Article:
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  • Writer's pictureStefanos Christou

Big Companies going all in for Generative AI Startups

Earlier today, Typeface secured a staggering $100 million in funding at a valuation of $1 billion, a remarkable feat considering the company's inception in 2022. This recent investment round has once again brought to the forefront the trend of rapid-fire venture funding at unicorn valuations. However, what truly caught attention in Typeface's funding is the noteworthy list of investors involved.


Leading the round was Salesforce Ventures, the renowned CRM and cloud giant that recently unveiled a $500 million fund specifically dedicated to backing generative AI startups. While Salesforce's participation in this deal may not come as a complete surprise, considering their venture into the AI space, the company found itself in the company of unexpected partners: Alphabet, through its GV investing arm, and Microsoft, through its M12 investing initiative, both decided to invest in Typeface.


This confluence of seemingly disparate investors raises a compelling question: Where else are major corporate venture capital (CVC) investors directing their resources? To gain insight into the situation, let's examine the recent deals made by several historically active CVC arms of prominent tech companies. It becomes evident that Typeface's funding round, with its internally competitive investor lineup, is not an outlier in terms of Big Tech dollars flowing into the coffers of startups. The tech giants are buzzing with activity these days.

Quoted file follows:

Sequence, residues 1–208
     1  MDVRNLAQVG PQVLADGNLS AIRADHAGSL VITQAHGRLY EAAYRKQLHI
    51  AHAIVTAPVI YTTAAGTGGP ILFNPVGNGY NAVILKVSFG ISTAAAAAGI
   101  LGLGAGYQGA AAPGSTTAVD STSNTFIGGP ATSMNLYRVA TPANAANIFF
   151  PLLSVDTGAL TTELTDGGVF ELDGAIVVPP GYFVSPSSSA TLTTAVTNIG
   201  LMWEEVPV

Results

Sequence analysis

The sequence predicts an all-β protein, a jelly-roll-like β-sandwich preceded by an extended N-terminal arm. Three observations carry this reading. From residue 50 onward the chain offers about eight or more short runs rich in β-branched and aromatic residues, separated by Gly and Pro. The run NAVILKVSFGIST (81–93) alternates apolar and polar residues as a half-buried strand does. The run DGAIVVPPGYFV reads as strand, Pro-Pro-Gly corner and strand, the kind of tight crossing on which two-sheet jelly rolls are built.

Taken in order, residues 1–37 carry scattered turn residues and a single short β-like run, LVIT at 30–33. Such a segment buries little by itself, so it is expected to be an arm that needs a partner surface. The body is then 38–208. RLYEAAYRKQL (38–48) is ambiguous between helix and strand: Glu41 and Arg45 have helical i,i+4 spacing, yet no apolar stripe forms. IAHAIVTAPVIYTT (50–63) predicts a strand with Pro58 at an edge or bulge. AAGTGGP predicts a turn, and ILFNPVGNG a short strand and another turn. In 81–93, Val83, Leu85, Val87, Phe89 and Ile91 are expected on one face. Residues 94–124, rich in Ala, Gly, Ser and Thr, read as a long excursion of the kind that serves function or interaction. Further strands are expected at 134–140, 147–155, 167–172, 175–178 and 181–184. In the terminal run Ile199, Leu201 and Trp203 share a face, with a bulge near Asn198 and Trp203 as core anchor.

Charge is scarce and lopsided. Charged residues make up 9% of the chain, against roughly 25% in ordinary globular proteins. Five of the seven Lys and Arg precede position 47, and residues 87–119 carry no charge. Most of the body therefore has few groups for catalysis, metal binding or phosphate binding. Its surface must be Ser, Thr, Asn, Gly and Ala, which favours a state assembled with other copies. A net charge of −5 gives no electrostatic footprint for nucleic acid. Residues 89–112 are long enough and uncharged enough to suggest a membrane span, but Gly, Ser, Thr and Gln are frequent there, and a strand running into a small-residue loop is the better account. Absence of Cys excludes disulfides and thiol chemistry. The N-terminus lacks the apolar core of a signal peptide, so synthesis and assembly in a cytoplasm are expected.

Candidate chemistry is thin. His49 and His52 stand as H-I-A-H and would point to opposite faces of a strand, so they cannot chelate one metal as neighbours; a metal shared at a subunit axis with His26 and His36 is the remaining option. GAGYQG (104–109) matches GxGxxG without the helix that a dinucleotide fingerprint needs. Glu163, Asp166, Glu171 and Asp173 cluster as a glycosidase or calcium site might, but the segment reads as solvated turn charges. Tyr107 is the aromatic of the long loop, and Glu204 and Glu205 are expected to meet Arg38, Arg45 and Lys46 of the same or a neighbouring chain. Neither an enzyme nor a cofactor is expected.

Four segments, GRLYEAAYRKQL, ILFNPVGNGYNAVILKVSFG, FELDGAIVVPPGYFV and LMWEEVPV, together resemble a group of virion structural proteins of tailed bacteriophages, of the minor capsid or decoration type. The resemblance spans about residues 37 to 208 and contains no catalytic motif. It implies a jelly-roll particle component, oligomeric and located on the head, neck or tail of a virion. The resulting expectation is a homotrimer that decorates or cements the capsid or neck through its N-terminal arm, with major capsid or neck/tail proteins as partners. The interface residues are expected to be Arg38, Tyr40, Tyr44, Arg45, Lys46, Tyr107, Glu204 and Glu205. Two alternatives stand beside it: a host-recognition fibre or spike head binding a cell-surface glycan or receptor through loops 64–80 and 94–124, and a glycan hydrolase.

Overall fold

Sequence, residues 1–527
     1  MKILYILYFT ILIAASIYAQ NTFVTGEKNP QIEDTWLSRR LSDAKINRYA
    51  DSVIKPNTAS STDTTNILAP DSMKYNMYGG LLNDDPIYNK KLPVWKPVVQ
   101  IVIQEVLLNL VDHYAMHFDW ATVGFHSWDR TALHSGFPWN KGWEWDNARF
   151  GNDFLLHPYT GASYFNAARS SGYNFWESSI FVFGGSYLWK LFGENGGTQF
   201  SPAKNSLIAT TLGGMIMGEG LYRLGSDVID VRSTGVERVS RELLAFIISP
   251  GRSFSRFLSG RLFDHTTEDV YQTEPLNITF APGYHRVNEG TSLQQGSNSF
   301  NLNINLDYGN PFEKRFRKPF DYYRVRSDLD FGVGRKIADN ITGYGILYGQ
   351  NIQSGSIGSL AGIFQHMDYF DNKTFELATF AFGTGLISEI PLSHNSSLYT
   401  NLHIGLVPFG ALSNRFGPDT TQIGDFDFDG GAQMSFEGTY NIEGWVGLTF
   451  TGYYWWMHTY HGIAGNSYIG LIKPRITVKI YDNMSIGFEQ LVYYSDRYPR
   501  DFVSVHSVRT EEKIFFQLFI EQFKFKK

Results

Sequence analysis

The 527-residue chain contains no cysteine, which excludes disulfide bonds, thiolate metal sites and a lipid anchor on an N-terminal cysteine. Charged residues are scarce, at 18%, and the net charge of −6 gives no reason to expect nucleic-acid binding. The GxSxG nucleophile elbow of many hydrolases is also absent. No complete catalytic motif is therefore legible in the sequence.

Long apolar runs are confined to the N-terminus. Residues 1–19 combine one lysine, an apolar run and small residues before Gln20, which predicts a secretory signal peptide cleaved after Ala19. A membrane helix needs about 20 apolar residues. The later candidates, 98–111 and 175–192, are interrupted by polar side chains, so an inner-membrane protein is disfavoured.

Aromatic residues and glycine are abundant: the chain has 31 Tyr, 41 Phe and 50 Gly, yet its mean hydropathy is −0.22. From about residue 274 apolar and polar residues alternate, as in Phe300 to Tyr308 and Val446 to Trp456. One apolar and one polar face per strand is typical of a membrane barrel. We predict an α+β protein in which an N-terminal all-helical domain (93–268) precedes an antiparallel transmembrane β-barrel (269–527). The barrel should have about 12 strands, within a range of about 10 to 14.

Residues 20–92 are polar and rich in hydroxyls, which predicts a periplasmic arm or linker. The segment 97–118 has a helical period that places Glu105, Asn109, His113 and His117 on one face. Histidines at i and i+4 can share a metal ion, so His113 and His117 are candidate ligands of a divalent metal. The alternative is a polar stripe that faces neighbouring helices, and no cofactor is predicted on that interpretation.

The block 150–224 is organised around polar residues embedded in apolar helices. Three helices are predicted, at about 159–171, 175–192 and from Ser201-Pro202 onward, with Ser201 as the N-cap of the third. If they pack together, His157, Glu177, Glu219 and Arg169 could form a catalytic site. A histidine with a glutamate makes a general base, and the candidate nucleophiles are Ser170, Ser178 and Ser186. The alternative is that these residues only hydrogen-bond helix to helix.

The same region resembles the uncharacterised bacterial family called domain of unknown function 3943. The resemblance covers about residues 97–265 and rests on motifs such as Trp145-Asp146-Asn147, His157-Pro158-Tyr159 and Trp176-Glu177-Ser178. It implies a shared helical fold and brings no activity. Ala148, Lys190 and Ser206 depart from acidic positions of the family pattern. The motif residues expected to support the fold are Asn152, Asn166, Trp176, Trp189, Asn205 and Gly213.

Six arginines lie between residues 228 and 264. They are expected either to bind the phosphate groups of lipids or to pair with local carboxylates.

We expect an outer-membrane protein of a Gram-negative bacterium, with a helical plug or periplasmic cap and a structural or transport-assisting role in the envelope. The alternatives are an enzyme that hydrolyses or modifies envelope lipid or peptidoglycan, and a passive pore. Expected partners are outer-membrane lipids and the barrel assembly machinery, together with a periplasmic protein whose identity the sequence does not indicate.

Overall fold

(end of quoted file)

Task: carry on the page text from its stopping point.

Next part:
What's driving this sudden surge of investment? Generative AI, once merely an intriguing research project, has triggered a wave of competition, acquisitions, and investments within large tech companies.


Companies like Databricks and Snowflake are acquiring startups to bolster their own generative AI capabilities, highlighting the immense appetite for companies operating in this domain.


Why is this happening? Investors, founders, and numerous CEOs have expressed their belief that generative AI technologies hold the potential to significantly enhance business operations across a wide range of industries. These technologies can increase worker efficiency, enable products and services to achieve more while lowering costs, and, in some cases, even replace certain job categories entirely. In short, generative AI is expected to boost profitability and agility for businesses.


Given that every company strives to increase its revenue, it's no wonder that every industry seeks to harness the power of generative AI. However, this presents both an opportunity and a risk for incumbent tech companies. The opportunity lies in their ability to leverage their customer relationships and vast data repositories, utilizing generative AI to enhance their own business endeavors. On the flip side, there is a risk that innovative startups armed with new generative AI techniques may encroach on the territory of Big Tech incumbents.


Flush with cash, the major tech players are taking decisive action by investing in and building their own generative AI capabilities. One effective strategy to stay ahead of potential competition is to acquire a significant stake in promising startups. This approach offers valuable insights into their operations, the possibility of strategic partnerships, potential financial gains, and the option to acquire the startup outright if it aligns with their goals or to impede competitors.